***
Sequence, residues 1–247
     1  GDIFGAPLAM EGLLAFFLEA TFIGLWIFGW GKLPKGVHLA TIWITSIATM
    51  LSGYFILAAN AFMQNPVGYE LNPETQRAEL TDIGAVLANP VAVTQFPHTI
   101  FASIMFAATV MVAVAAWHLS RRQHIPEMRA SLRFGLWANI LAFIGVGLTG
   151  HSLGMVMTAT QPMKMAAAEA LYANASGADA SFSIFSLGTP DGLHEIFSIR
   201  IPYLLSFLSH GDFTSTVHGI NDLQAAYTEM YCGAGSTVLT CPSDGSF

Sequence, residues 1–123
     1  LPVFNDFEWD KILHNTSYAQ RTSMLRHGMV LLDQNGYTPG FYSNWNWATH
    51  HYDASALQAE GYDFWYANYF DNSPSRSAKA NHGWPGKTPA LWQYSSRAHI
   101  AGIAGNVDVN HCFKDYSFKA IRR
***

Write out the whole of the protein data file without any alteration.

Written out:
Sequence, residues 1–247
     1  GDIFGAPLAM EGLLAFFLEA TFIGLWIFGW GKLPKGVHLA TIWITSIATM
    51  LSGYFILAAN AFMQNPVGYE LNPETQRAEL TDIGAVLANP VAVTQFPHTI
   101  FASIMFAATV MVAVAAWHLS RRQHIPEMRA SLRFGLWANI LAFIGVGLTG
   151  HSLGMVMTAT QPMKMAAAEA LYANASGADA SFSIFSLGTP DGLHEIFSIR
   201  IPYLLSFLSH GDFTSTVHGI NDLQAAYTEM YCGAGSTVLT CPSDGSF

Sequence, residues 1–123
     1  LPVFNDFEWD KILHNTSYAQ RTSMLRHGMV LLDQNGYTPG FYSNWNWATH
    51  HYDASALQAE GYDFWYANYF DNSPSRSAKA NHGWPGKTPA LWQYSSRAHI
   101  AGIAGNVDVN HCFKDYSFKA IRR